So the question that begs to be asked is that if Jackie is already an impressive videogame in of himself, does the world really need a videogame in his likeness? Probably not, but that didn't stop the developers of Radical Entertainment from trying.
You'd have to search pretty far and wide to find bigger Jackie Chan fans than the two reviewers of Midway's latest. Like Chi, I was waiting with baited breath to play this game as soon as I heard it was in development, however since then my interest has waned severely. This was mainly due to the lack of industry buzz about the game and the fact that early demos of the game made it look like just another Final Fight clone with Jackie Chan's name plastered on it.
This game really surprised me. I generally don't get too excited about turned-based RPGs (I lost interest about midway through Shining Force), but I couldn't stop playing FM3, and it's difficult to explain why. Like Chi, I have mixed feelings about the game. FM3 left me feeling short-changed on several occasions. And yet, this game managed to pull me in and keep me interested. I found myself addicted to the fun battle scenarios, and the story proved just compelling enough for me to keep plugging away at this futuristic RPG.
FM3, at its core, is a turn-based strategy game where tactics and control are concerned only as far as a squad of four soldiers rather then an army of thousands. What has always been a trademark of the Front Mission series (Parts 1 and 2 were never localized for the North American market) is that all the soldiers under a player's command pilot Japanese anime-styled combat robots known as Wanzers (pronounced Van-ser).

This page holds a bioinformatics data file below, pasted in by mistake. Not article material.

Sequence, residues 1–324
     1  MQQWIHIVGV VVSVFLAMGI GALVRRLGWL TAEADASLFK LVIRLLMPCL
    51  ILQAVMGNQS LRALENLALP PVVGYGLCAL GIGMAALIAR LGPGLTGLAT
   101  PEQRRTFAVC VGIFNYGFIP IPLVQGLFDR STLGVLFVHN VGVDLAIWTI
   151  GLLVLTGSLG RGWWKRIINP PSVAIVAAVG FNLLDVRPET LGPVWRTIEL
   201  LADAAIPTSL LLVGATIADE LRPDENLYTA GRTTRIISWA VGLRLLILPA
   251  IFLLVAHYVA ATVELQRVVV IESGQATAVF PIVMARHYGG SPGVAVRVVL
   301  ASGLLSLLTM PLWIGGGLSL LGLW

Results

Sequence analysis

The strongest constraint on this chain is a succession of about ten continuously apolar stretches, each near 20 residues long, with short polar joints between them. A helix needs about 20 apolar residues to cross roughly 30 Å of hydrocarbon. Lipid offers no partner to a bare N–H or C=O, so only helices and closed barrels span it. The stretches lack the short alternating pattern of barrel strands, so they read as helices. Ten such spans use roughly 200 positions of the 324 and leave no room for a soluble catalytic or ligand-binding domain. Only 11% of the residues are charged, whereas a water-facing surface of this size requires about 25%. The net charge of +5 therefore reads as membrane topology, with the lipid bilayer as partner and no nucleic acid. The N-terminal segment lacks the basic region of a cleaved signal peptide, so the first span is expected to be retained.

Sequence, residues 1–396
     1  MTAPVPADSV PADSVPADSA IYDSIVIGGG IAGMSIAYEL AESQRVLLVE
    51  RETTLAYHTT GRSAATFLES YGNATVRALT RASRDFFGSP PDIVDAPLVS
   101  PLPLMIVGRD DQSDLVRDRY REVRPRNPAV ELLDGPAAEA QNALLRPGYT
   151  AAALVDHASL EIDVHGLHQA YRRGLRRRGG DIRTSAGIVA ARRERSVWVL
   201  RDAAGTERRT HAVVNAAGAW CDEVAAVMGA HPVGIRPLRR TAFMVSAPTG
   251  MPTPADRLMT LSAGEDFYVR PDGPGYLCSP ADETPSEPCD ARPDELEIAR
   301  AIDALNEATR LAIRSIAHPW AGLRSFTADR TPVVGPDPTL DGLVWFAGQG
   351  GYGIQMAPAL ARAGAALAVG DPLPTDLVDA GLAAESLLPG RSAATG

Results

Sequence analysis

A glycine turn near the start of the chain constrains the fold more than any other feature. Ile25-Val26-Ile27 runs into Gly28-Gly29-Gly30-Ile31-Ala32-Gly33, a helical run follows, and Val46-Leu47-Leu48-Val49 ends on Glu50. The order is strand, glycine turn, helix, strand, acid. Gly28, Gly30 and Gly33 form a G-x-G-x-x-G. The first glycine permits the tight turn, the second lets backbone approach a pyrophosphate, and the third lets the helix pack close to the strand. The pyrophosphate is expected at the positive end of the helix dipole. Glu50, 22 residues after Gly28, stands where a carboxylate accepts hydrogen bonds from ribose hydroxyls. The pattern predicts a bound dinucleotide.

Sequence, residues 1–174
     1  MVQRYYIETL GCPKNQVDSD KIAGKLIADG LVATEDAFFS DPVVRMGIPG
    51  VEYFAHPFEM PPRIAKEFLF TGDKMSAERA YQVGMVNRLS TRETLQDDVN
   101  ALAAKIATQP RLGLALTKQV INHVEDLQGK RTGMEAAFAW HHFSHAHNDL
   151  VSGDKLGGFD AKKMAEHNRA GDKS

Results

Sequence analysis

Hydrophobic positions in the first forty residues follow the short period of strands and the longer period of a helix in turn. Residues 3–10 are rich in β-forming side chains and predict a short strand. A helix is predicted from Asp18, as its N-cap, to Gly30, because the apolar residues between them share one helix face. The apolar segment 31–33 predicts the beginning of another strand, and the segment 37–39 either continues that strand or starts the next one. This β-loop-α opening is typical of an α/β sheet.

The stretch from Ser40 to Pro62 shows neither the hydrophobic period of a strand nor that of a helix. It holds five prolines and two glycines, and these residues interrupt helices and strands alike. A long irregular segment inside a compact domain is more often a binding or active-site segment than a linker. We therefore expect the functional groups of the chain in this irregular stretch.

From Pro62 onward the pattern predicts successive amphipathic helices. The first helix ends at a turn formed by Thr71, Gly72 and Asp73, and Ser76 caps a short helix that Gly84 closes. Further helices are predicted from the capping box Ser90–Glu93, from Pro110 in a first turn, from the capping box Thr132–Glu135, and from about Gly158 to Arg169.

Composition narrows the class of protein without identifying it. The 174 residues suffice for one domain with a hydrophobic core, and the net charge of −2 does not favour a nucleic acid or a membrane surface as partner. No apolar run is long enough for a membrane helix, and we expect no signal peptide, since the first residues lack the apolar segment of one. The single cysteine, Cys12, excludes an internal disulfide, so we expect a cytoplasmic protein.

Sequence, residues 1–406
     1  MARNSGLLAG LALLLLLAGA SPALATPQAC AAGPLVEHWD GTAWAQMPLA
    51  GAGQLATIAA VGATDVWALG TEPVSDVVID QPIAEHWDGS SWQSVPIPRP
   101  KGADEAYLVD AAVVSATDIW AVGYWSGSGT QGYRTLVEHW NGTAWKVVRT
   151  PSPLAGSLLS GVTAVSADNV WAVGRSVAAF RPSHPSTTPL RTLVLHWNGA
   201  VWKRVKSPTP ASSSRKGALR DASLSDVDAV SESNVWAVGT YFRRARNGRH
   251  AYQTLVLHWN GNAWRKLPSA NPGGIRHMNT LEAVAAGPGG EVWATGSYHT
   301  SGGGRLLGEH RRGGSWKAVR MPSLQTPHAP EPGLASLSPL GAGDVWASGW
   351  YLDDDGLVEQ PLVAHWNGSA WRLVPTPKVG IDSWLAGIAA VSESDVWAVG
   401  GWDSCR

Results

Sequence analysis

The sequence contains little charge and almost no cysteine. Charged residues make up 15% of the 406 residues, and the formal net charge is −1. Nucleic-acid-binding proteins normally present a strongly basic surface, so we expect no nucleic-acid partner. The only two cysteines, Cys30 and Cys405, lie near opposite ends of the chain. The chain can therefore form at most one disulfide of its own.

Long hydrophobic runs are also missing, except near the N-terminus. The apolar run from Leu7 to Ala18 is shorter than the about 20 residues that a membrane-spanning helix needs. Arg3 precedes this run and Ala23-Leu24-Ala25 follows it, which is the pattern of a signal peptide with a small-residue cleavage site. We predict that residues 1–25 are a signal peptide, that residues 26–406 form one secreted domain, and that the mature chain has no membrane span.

Though the conflict between cats and mice has been well-documented in storybooks and cartoons, there haven't been many videogames based on the subject (and the ones based on Tom and Jerry don't count). Once again showing what they can do when they're not bogged down by the Sonic franchise, Sonic Team has created an absolute masterpiece in Chu Chu Rocket!—a raucous cat-and-mouse affair that never grows tiresome.
…it seems their creators spend so much time focusing on tightening the gameplay that they don't focus as much on the game's length, and this only hurts the game.
Yet, the graphical wonder of Code: Veronica also becomes a lethal double-edged sword. While the presentation received a shot in arm and everything looks fairly realistic, the same can't be said of the gameplay mechanics, which has remained unbelievably ridiculous.
As Resident Evil games go, Code: Veronica is familiar fare. If you loved the older games, youll love this even more with its suped-up graphics and sound. Myself personally, I am getting pretty sick of this series and if it werent for the fact that its making its debut on the Dreamcast, I would have panned it even more.
I know that the very sight of my mediocre rating for such a highly touted game as Gran Turismo 2 will bring down the wrath of hundreds of fans crying "blasphemy." But before anyone ignites a torch or hurls a stone, please read through my review and try to understand my perspective first.
Gran Turismo 2 is like a Holiday Inn—it gives you more, and more is better. It succeeds in making the original PlayStation mega hit, Gran Turismo look obsolete, when in fact the difference between the two is marginal. No drastic changes have been made to the game's basic structure, there's just more of everything: more cars, more tracks, more options, more involved gameplay, more sounds and more music. Gran Turismo 2 succeeds because it's the complete package—a more comprehensive and ultimately more satisfying racing simulation than its predecessor.